The paint on this coin bank tested for lead at 7,253 parts per million; that's 11 times higher than the legal limit for lead paint.
The paint on this coin bank tested for lead at 7,253 parts per million; that's 11 times higher than the legal limit for lead paint. Courtesy KQED
At many discount toy stores in this country, products that test at dangerously high levels for lead are still on the shelves — despite a new federal law to protect children.
When 3-year-old David Blair was still in his crib, he loved to suck on vinyl blocks from the Baby Einstein company — the kind that are supposed to help kids get smarter. Parents Kim and Raymond Blair didn't think much of it until tests showed lead concentrations in his blood were double what doctors consider a tolerable range. Lead can seriously harm a child's brain development.
"We were mortified, scared and feeling that we were maybe bad parents, and we weren't taking care of our child well enough," Kim Blair says.
Tests of soil, paint and drinking water from their San Francisco Bay Area home came back negative for lead. The only item that tested positive was a Baby Einstein block. In fact, it turned out to be on the federal toy recall list because of its high lead content.
Raymond Blair doesn't think the government is doing enough to protect consumers.
"You get angry because you realize that there's a lot of products on the market that aren't safe. You think someone should be checking that or making sure that we're not exposed to that," he says.
A Law And A Loophole
Indeed, someone is trying to make sure kids aren't exposed. A new consumer product safety law that went into effect in February makes it illegal to sell toys and other children's products if the lead content exceeds 300 parts per million — and the limit is even lower for lead paint on products.
The law follows recalls of millions of imported toys from China in recent years because of high lead content.
See more toys that violate the new lead limits and get tips on how to shop wisely:
It requires products to be certified by third-party labs. But there's a loophole: The certification requirement has been delayed until 2010 to give manufacturers and laboratories time to prepare.
So how can consumers be assured that products for kids don't exceed the lead limits?
The zipper on this Disney CD case contains six times the legal lead limit.
The zipper on this Disney CD case contains six times the legal lead limit. Courtesy KQED
NPR member station KQED and a Berkeley nonprofit organization, the Center for Environmental Health, shopped at 14 discount stores in California. At all but two stores, products purchased exceeded the new federal lead limit. Of the couple hundred products tested — toys, jewelry and everyday items like rain ponchos — about one in six items exceeded the limit.
One child's backpack purchased from 4U Bargain in Orange County tested three times above the lead limit. Store owner Frank Noh was surprised.
"I think I bought this one two years ago, maybe," he said. "The importer has to test, I think."
Noh instructed an employee to take the remaining backpacks off the store shelf. Like many of the other small store owners, Noh said he wasn't aware of the lead limits.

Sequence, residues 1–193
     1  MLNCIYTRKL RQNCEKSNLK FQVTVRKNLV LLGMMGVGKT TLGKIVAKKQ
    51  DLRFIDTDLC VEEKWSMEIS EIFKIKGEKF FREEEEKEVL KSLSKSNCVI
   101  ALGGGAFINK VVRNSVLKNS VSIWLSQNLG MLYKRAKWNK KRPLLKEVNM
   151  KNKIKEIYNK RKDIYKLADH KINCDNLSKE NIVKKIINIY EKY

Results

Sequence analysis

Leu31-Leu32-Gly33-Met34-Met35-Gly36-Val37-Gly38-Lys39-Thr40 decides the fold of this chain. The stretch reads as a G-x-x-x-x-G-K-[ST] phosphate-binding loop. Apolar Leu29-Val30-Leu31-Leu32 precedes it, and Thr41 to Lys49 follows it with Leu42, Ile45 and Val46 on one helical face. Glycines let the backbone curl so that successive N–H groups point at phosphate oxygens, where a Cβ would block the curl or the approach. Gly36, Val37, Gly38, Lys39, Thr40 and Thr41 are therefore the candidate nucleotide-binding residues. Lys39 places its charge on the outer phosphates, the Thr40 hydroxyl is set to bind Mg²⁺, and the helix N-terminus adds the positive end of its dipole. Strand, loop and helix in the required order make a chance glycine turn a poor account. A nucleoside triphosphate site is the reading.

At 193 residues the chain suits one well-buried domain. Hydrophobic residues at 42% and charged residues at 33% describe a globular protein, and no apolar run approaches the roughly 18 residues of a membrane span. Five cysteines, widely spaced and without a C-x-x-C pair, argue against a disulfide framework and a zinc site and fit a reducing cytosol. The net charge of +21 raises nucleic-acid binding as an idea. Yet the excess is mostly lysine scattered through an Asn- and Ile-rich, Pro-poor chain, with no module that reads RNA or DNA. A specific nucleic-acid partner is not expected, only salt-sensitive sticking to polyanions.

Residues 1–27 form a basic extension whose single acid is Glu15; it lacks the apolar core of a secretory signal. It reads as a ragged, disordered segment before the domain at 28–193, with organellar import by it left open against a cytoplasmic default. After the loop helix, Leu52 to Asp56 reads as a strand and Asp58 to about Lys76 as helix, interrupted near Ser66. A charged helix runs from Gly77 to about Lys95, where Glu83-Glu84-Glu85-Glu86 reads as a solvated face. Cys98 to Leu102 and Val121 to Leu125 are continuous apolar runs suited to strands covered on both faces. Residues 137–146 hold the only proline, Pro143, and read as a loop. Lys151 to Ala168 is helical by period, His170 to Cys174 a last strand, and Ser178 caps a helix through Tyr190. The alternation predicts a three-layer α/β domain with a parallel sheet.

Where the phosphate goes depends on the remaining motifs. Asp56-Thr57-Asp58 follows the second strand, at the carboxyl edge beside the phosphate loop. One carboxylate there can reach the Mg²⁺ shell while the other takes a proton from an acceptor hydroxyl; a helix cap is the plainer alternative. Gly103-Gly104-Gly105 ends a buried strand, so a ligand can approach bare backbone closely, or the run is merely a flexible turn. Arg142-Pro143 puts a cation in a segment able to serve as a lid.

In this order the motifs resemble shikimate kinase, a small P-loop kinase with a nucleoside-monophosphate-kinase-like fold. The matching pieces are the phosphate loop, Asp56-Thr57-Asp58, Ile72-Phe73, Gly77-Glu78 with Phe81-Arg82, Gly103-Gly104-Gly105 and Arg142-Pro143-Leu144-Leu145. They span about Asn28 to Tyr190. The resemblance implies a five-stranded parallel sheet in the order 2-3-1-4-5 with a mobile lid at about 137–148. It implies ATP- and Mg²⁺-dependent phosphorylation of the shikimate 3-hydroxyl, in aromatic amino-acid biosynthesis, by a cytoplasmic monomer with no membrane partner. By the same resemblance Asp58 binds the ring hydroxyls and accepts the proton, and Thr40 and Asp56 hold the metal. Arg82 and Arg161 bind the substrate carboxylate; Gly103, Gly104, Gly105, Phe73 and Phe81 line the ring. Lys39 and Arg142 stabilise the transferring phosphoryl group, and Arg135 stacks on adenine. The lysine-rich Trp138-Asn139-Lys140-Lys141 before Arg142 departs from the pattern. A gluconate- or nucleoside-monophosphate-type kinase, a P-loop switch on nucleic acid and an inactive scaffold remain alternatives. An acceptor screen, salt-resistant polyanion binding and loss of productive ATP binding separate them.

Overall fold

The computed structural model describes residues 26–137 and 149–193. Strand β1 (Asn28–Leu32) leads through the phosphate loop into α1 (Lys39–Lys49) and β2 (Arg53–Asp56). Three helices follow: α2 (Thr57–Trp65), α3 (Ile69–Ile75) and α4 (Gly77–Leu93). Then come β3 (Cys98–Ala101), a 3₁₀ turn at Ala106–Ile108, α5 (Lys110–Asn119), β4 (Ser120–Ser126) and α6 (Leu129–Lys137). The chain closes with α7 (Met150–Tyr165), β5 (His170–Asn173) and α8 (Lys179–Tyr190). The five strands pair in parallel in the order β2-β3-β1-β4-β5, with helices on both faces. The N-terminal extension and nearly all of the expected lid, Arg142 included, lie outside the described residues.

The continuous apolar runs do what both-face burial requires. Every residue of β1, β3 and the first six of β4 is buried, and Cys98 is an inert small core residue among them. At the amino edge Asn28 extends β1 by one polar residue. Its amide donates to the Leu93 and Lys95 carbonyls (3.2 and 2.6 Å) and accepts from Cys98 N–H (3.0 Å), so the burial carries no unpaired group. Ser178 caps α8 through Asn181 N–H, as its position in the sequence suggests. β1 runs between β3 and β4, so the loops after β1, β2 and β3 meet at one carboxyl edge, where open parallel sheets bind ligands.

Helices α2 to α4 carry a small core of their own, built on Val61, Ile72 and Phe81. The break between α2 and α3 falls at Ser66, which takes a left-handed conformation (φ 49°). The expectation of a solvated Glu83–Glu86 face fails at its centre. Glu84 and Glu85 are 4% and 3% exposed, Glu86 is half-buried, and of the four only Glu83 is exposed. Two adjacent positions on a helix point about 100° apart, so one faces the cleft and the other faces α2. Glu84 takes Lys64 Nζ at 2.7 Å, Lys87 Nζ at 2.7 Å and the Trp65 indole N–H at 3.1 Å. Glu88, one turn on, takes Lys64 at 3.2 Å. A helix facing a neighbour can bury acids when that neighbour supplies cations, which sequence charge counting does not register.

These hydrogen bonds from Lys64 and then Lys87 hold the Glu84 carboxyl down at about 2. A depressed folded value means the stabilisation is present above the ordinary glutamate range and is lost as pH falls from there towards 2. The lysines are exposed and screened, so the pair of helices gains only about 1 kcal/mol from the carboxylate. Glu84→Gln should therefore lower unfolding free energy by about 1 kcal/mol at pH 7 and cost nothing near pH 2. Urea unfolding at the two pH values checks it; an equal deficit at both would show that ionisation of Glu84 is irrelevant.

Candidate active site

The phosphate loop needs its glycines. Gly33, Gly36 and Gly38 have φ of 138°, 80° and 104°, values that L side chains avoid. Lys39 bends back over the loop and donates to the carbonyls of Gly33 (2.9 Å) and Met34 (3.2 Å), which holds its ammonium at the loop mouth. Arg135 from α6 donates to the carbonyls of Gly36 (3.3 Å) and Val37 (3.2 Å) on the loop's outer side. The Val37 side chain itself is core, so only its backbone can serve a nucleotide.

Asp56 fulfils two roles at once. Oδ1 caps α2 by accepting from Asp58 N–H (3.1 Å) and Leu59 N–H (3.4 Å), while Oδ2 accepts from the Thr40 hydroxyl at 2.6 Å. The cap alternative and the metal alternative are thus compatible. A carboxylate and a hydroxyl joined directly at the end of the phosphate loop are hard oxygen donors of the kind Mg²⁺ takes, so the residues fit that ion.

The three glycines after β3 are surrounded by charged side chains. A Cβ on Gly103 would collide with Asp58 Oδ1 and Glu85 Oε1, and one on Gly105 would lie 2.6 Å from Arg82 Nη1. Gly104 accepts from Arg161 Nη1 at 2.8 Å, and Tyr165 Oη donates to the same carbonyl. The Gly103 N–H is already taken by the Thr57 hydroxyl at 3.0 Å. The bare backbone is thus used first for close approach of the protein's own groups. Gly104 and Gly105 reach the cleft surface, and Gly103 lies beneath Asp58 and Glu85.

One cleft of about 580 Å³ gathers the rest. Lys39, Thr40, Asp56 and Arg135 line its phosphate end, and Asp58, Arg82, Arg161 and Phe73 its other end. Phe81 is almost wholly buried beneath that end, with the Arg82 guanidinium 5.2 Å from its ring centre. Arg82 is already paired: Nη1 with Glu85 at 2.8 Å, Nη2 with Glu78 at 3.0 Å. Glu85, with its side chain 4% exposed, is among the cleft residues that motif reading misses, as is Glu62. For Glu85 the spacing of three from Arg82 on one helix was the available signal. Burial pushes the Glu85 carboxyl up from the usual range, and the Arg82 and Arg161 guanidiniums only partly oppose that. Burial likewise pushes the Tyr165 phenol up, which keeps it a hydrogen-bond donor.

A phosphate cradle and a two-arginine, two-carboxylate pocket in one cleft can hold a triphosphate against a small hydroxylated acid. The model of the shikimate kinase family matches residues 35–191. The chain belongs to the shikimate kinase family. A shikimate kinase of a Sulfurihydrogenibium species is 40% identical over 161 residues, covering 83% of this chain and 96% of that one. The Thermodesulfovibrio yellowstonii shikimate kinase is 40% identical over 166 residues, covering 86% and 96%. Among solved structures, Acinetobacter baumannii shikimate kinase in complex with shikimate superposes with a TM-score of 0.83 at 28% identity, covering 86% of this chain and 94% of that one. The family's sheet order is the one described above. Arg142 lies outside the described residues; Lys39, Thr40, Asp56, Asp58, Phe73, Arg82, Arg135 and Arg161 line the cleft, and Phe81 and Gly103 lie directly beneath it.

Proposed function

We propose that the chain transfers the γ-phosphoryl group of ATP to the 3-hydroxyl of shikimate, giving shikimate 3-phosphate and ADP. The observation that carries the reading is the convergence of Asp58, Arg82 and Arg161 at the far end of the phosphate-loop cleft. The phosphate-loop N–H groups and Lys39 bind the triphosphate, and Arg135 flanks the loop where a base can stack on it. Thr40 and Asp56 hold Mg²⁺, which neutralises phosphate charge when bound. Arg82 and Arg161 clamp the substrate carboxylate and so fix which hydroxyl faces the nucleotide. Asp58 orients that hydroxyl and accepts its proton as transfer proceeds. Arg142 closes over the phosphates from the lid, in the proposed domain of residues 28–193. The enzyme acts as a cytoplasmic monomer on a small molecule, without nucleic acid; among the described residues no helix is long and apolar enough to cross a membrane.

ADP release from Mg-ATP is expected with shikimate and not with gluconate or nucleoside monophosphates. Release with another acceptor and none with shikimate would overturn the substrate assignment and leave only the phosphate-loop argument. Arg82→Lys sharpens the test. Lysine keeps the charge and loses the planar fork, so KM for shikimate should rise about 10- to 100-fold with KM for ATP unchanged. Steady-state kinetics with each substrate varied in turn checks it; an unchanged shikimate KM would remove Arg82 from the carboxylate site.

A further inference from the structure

Another product, a hot-pink CD case purchased at Dollar Discount in Newark, Calif., was branded with a name many families know and trust: Disney. It featured the cast of the popular movie High School Musical. Test results showed the zipper contained six times the legal lead limit.
A Disney spokesman says the company requires manufacturers of Disney-licensed products to provide lab results showing that the merchandise meets current federal standards. But problems can occur later, after a product passes, according to the spokesman and consumer advocates. Disney says though it spot-checks merchandise, it relies on manufacturers of a product to make sure it's compliant.
Many larger retail chains, including Walmart, Toys R Us and Target, have beefed up their lead testing programs and already require manufacturers to provide third-party lab results. But the government's delay of the certification requirement may allow smaller stores and some discount chains to skirt the law.
"Without certification, there's no guarantee," says Don Mays, who oversees product safety at Consumers Union in New York. He says the law mandating stricter lead limits doesn't have many teeth behind it right now.
"If the law is not being enforced, then the stores can put products on the market unchecked — and that, to me, is a serious problem," he says.
He and other consumer advocates say the federal agency responsible for enforcing the law — the Consumer Product Safety Commission — is stretched way too thin, with few inspectors to police tens of thousands of different kinds of products. Spokesman Scott Wolfson says all retailers and manufacturers are expected to follow the law despite the government stay on the certification requirement.
"It's very serious for somebody not to be compliant. These limits were put into place to give parents more confidence when they go shopping," he says. "We know there are probably products out there that violate that new law. We're ready to act, but we need that information brought to our attention."
Consumer advocates worry that problems are bigger at discount stores, which seem to have less rigorous programs to weed out lead-tainted merchandise.
"The dollar stores are far less likely to scrutinize their shipments in that way," Mays says. "It's expensive for them; the whole idea with these stores is to keep the prices as low as possible."
And until the testing and certification requirements kick in next year, it's buyer beware.
Oanh Ha reports for member station KQED in San Francisco.